From my past efforts I know that writing your own obituary causes you to take stock of life. It makes you ask: Is what I’m doing really important? (To yourself or to society.) Is this how I want to be remembered? Do I need to change something?

Who will write your obituary after you die? Do you think they’ll get it right? Does it matter or is it all vanity? It’s something to consider.

The Purge (or When a Trip to the Dump can be Good for the Soul)

Image courtesy of St. Louis County, Minn.

Image courtesy of St. Louis County, Minn.

Today I got rid of some dead weight and made a new friend along the way.

It was time for fall cleaning, if you will. I got rid of some household hazardous waste (fluorescent light tubes and used snow blower oil) and detritus accumulated over several years — both mine and my parents.

My family moved our aging parents twice in the past several years — from their home to an assisted living facility, and from there to another facility in a different town. I kept some of their things on the chance they might need them, but now that it’s been several years and they live out of town, I realized that ain’t gonna happen. So it was time for a purge.

How it works at our self-service dump is you tell the attendant what you’ve got in your (car, truck or trailer) load and they assess you a charge. Then you drive up a hill. Below the hill are large dumpsters either for metals, cardboard, wood, or miscellaneous waste. You park on the dumpster hill and then toss your junk down into the appropriate container. After that, you drive down the hill and loop back to the entrance to a shed where electronics are collected.

The last time I visited the local dump (now called the more politically correct “Materials Recovery Center”) was about a year after my divorce. I loaded all the junk my ex (who was sort of a hoarder) left into my then-boyfriend’s truck and we made a date of going to the dump. Hey, don’t knock it until you’ve tried it!

Let me tell you, throwing your stuff into the dumpster abyss is a rush. You’re flinging off your old world to make room for the new. It can get addicting. My boyfriend and I laughed as we did it — the feeling was so freeing. This time, I felt rather sad because some of my parents’ discarded items meant their lives would never be the same, but still it felt good to get the stuff cleaned out of my house and garage.

And I made a new friend in the form of the lady attendant who assessed my load. We happened to have the same type of vehicle, so while I was showing her the stuff in my trunk, we talked about the merits of our cars. I paid and when she came back to give me the receipt she asked more questions about my car.

I thought having a dump worker who wasn’t a stressed out robot was a nice change of pace. But the guy in the truck behind me did not. He yelled at the woman to hurry up. Ignoring him, she replied to me, “It’s my job.” (With the unspoken, “And I can do what I like to make it bearable.”) We exchanged a few more words and then I went on my merry way up dumpster hill.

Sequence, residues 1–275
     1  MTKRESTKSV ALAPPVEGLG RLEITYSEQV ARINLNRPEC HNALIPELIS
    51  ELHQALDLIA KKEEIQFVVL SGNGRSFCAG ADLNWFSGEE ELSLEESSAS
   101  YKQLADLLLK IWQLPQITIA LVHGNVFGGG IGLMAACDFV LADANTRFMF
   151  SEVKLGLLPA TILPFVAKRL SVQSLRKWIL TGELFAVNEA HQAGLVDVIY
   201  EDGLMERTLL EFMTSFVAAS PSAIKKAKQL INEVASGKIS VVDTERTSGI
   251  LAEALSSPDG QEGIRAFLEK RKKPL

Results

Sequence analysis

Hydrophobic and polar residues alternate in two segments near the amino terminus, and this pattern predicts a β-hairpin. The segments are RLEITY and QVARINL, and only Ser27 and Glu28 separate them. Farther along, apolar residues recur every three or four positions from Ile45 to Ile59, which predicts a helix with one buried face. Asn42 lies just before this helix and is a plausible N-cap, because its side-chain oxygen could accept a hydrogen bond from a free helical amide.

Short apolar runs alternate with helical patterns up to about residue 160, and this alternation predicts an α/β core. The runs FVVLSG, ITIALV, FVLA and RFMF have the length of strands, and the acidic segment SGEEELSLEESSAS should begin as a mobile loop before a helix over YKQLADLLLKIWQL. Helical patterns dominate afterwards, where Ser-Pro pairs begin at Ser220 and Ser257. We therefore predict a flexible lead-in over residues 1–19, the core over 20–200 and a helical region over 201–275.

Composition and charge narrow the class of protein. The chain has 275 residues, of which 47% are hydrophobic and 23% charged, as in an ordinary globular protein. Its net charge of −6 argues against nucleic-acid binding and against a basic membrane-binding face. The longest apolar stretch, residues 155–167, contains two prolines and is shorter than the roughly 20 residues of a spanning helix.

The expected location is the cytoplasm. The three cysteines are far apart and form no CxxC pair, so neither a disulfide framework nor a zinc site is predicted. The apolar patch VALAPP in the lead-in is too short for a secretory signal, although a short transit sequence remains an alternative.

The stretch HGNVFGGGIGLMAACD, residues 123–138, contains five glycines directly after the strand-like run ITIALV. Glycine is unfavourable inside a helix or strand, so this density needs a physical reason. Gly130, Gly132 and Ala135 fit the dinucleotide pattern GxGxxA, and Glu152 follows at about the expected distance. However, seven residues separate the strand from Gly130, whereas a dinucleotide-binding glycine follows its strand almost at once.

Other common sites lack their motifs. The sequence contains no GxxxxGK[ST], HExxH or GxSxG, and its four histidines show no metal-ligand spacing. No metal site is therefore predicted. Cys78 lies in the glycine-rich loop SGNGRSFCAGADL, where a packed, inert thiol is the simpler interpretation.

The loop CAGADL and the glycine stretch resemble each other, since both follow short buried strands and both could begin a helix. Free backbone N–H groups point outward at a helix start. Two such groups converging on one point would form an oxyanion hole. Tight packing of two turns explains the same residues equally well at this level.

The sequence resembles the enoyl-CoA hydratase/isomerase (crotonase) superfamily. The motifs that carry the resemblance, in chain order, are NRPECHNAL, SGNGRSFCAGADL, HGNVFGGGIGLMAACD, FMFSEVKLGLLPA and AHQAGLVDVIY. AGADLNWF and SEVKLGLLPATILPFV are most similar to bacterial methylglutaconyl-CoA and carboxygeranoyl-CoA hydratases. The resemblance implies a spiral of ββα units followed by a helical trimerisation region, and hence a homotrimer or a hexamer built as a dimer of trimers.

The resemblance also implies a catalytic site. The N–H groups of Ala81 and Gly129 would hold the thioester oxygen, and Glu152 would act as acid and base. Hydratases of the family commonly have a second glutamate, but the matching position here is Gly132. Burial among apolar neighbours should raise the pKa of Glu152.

After my cathartic dump (smile), I waved to her as I left.

So, that’s life in northern Minnesota. We make friends at the dump and get our kicks tossing stuff away. What can I say?

Try visiting your local dump someday. It could be good for your soul.

Spending the Fourth of July in . . . the Twilight Zone

William Shatner and the gremlin in

William Shatner and the gremlin in “Nightmare at 20,000 Feet.”

While most people in Duluth were finding their way to favorite spots on the hillside or waterfront to watch the night’s fireworks display, I got distracted by the SciFy channel’s Fourth of July Twilight Zone Marathon. I had socialized and visited the beach earlier in the day, and was watching a bit of television before leaving for the fireworks. Problem was, an episode was airing that scared the bee hooosis (Minnesotan for bejesus) out of me when I was young.

I hadn’t seen “Nightmare at 20,000 Feet” since that fateful night my parents were out and I watched a scary television show despite their instructions to the contrary. Would the episode be as frightening to now? Would the face that appears in the airplane window when the passenger draws back the curtain make me hide behind the living room curtains like when I was little?

I had to watch it. Fireworks be dammed. Cue Rod Serling’s opening narration:

Portrait of a frightened man: Mr. Robert Wilson, thirty-seven, husband, father, and salesman on sick leave. Mr. Wilson has just been discharged from a sanitarium where he spent the last six months recovering from a nervous breakdown, the onset of which took place on an evening not dissimilar to this one, on an airliner very much like the one in which Mr. Wilson is about to be flown home – the difference being that, on that evening half a year ago, Mr. Wilson’s flight was terminated by the onslaught of his mental breakdown. Tonight, he’s traveling all the way to his appointed destination, which, contrary to Mr. Wilson’s plan, happens to be in the darkest corner of the Twilight Zone.

Robert Wilson is played by a young William Shatner. His wife sits beside him on his plane ride home from the sanitarium.

I marveled at the 1960s clunky airplane backdrop, made with cheap wood paneling, the airline seats with so much room on either side they looked like today’s first-class seats, and the quaint plaid curtains covering the plane windows.